The Joy of Learning by Richard O’Neill
13th April 2017
Master Storyteller and award-winning children’s author Richard O’Neill on why he believes learning through story is so joyful!
When I was growing up, many of my older relatives had no or very low levels of literacy. However they were very gifted storytellers and through story they taught us a whole raft of skills, particularly ‘Oracy’, which many experts now believe is the key to developing literacy. That was certainly the case in our family, particularly in the days when children went straight into primary school at 5 years old without the benefit of nursery, or even a play group, as a result of which, many floundered. Storytelling teaches many other useful skills, including listening, imagination and memory. Storytelling can also embed values and qualities, like wisdom, honesty and courage.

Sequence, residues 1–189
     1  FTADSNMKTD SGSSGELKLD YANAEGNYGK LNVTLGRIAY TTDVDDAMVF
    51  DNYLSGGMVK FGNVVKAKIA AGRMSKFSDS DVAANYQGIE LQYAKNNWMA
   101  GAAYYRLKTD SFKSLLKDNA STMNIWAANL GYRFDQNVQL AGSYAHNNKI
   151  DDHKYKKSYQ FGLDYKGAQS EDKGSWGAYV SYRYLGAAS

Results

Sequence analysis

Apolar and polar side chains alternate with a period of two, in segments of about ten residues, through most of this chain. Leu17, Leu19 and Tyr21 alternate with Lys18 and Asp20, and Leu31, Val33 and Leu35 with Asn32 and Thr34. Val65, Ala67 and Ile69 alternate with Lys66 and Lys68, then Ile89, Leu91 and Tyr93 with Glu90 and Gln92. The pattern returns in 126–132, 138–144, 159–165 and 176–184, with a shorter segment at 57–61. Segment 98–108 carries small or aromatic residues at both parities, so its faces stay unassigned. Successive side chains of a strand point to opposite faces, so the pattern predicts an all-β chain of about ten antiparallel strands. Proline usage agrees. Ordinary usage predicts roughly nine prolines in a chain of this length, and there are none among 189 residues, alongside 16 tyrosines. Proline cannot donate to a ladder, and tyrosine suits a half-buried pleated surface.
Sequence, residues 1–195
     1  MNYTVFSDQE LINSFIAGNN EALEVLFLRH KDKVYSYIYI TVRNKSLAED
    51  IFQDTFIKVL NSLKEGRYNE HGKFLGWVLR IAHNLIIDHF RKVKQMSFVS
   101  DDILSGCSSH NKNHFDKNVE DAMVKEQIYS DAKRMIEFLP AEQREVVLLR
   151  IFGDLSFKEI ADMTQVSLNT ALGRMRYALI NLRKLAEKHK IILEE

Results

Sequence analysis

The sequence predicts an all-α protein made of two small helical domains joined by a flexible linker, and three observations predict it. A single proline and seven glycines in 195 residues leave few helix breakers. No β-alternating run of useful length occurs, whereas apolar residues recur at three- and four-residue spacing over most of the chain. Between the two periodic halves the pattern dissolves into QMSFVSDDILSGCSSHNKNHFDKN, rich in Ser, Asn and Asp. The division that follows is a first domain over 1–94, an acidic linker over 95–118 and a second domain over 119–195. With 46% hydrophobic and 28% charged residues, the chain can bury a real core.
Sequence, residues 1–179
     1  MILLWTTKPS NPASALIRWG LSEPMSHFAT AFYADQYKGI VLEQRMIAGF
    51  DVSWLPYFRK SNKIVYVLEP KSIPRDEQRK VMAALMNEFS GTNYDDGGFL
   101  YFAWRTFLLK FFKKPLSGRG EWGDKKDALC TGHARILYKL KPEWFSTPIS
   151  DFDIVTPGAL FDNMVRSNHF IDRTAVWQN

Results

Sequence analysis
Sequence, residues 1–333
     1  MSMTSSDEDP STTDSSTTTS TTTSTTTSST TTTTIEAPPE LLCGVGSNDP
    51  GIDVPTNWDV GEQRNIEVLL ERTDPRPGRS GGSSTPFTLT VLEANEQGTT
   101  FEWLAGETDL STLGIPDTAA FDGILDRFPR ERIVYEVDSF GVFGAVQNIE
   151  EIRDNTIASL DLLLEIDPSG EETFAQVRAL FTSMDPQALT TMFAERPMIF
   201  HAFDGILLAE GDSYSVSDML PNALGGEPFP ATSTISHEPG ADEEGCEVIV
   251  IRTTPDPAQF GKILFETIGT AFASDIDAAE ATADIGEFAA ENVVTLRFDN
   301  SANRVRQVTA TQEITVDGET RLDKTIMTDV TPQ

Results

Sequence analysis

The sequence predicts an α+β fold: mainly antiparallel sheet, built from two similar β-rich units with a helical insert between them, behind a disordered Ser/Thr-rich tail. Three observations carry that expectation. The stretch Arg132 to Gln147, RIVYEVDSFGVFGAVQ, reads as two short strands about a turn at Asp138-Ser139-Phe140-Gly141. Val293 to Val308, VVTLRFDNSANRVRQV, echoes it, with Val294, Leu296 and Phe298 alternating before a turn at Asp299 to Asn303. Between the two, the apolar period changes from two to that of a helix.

It also encourages children to experience a wide range of cultures and lifestyles allowing them to share the experiences of others, whilst also allowing them to celebrate their own culture and family experiences in a positive way.
Storytelling allows children to ask questions and challenge the decisions and behaviour of characters, allowing them to develop confidence in their own voice and better understand their own place in the world.
Storytelling skills are very much 21st-century skills and not only for preparing children for the next education key stage, but also for life in general. They certainly aren’t just for children either; many settings are benefiting from using story as part of their organisational narrative.
I really enjoy teaching, or should I say re-teaching adults (especially those in education), how to tell stories. Seeing them re-connect and having the confidence to tell stories with the children they work with, is truly joyful!
I can’t wait to work with people at Childcare Expo Manchester in June during my workshop on Saturday 17th June. I hope to see you there.